As digital technology disrupts the way we live and work, it’s posing new challenges for professionals today. In the world of work, you’re constantly expected to do more with fewer resources. Staying ahead requires that you make lifelong learning a habit. So, how does one do that?

If you look at the lives of the ultra-successful—Bill Gates, Elon Musk, Oprah Winfrey, Warren Buffet—you’ll discover that many of them are voracious readers. They’ve made reading a habit because it’s one of the easiest ways to constantly expose yourself to new ideas, gain new skills, and grow your professional toolkit.

Before I reveal the two books that will skyrocket your career success, let me highlight a 2012 study by McKinsey Global Institute of office workers in the US, Germany, France, and Great Britain. It found that workers spent, on average, 5.6 hours a day “reading and answering e-mails and processing written information.”

That’s more than half of your workday spent consuming information. Which begs the question: Where will you find the time for professional development? A more recent report by McKinsey Global, The Future of Women at Work: Transitions in the Age of Automation, “estimates that between 40 million and 160 million women globally may need to transition between occupations by 2030, often into higher-skilled roles.” This means that to up-skill isn’t a choice; it’s a necessity that can be addressed by selecting the right books to read.

My two essential books are The 80/20 Principle by Richard Koch and The Pomodoro Technique by Francesco Cirillo. Although the books are very different from each other, they share a core idea — doing more with less. Let’s look at how the information in these books could be a game-changer for your career.

The 80/20 Principle by Richard Koch.

You already know that lifelong learning must become a habit if you are to continually succeed in today’s workplace. But how can you add reading to an already over-scheduled day? The answer is in learning how to read more intelligently.

The 80/20 Principle says that 80% of your results come from 20% of your effort. How many books covering the skills you need for future jobs might you digest, if you knew which 20% to read? Imagine using the time you save when you read 20% of any book (and understand 80% of it), to read other books?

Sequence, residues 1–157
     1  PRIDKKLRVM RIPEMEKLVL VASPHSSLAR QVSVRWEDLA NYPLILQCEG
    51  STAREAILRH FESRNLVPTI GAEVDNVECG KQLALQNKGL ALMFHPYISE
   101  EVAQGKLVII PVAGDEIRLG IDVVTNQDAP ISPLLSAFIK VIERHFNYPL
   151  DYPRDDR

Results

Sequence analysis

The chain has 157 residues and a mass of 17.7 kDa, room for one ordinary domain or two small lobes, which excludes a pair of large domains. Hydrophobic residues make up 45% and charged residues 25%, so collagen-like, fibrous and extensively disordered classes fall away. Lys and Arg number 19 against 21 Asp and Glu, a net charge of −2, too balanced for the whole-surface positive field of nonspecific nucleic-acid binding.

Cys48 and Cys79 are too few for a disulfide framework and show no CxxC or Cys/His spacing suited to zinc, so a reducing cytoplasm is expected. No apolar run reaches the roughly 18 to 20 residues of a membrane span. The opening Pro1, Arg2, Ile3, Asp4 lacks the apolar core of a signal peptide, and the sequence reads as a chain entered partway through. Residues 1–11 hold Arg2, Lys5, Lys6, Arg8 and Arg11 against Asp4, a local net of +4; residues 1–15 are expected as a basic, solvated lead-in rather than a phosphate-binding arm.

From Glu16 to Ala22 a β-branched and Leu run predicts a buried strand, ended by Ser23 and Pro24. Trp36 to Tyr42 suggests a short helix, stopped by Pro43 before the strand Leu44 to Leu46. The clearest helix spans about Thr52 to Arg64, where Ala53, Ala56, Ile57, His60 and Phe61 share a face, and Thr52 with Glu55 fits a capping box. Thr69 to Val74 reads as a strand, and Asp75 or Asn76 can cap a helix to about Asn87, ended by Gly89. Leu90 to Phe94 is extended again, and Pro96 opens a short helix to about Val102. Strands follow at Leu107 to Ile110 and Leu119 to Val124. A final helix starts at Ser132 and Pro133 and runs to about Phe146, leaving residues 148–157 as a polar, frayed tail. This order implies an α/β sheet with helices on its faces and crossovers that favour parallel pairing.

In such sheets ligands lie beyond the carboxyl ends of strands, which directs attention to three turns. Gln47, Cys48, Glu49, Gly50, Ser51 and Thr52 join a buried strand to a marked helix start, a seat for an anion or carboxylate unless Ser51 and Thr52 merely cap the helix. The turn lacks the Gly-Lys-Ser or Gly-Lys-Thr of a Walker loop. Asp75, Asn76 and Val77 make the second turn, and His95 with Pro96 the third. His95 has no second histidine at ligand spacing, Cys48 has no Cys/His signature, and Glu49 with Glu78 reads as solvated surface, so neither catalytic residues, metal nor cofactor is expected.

Now you’re probably wondering how you’d determine which 20% of a book to read. The reality is that most of us don’t understand how to read both efficiently and effectively. The most effective way to read a book is to pre-scan it first. When you pre-scan a book before you start reading it, you’ll discover the meaty sections to focus on — the 20%. By mastering this skill, you’ll find that you’re reading more books.

[Related: Five Questions to Ask Yourself Before Writing a Book]

The Pomodoro Technique by Francesco Cirillo.

To avoid spending too much time pre-scanning a book before reading it, The Pomodoro Technique will keep you focused. It helps you to cut down on distractions.

Here’s The Pomodoro Technique in a nutshell:

  • Shut off all distractions. That means turning off your phone, TV, and computer.
  • Set a timer for 25 minutes.
  • Spend those 25 minutes pre-scanning the book.
  • Read the foreword.
  • Read the preface.
  • Read the introduction.
  • Read the conclusion
  • Read the table of contents.
  • Make a note of sections and chapters you must read.
  • Start reading the meaty bits of the book.
  • When the timer goes off, give yourself a reward for five to ten minutes. Do something very different from reading.
  • If pre-scanning the book takes more than 25 minutes, you could always do another Pomodoro.

Your goal is to be able to scan an average length book in 25 minutes. In 25 minutes, you should know which sections of the books to read. After you’ve highlighted the meaty sections of a book, do another Pomodoro to focus on your reading. The important thing is to develop the ability to distinguish between essential and non-essential information.

If you’re feeling guilty about not reading the entire book, carry the following Francis Bacon quote with you:

Some books should be tasted, some devoured, but only a few should be chewed and digested thoroughly.

Why The 80/20 Principle and The Pomodoro Technique are important.

The more books you read, the more equipped you are to understand and thrive in the rapidly evolving world around you. In this age of disruption, it’s better to know a little about a lot of things than a lot about a few things.

I’ve mentioned one specific way to use the content from these books to skyrocket your career. However, remember, you must invest the time to read the books to discover additional ways of using the techniques they cover to achieve more in less time on the job.

Which brings us to the next piece of the puzzle: To skyrocket your career success, you must apply your newfound knowledge. Use what you learn from reading the right books in the right way to address serious issues in your company.

[Related: Investing Perspectives from Leo Tolstoy]

Originally published on Ellevate.

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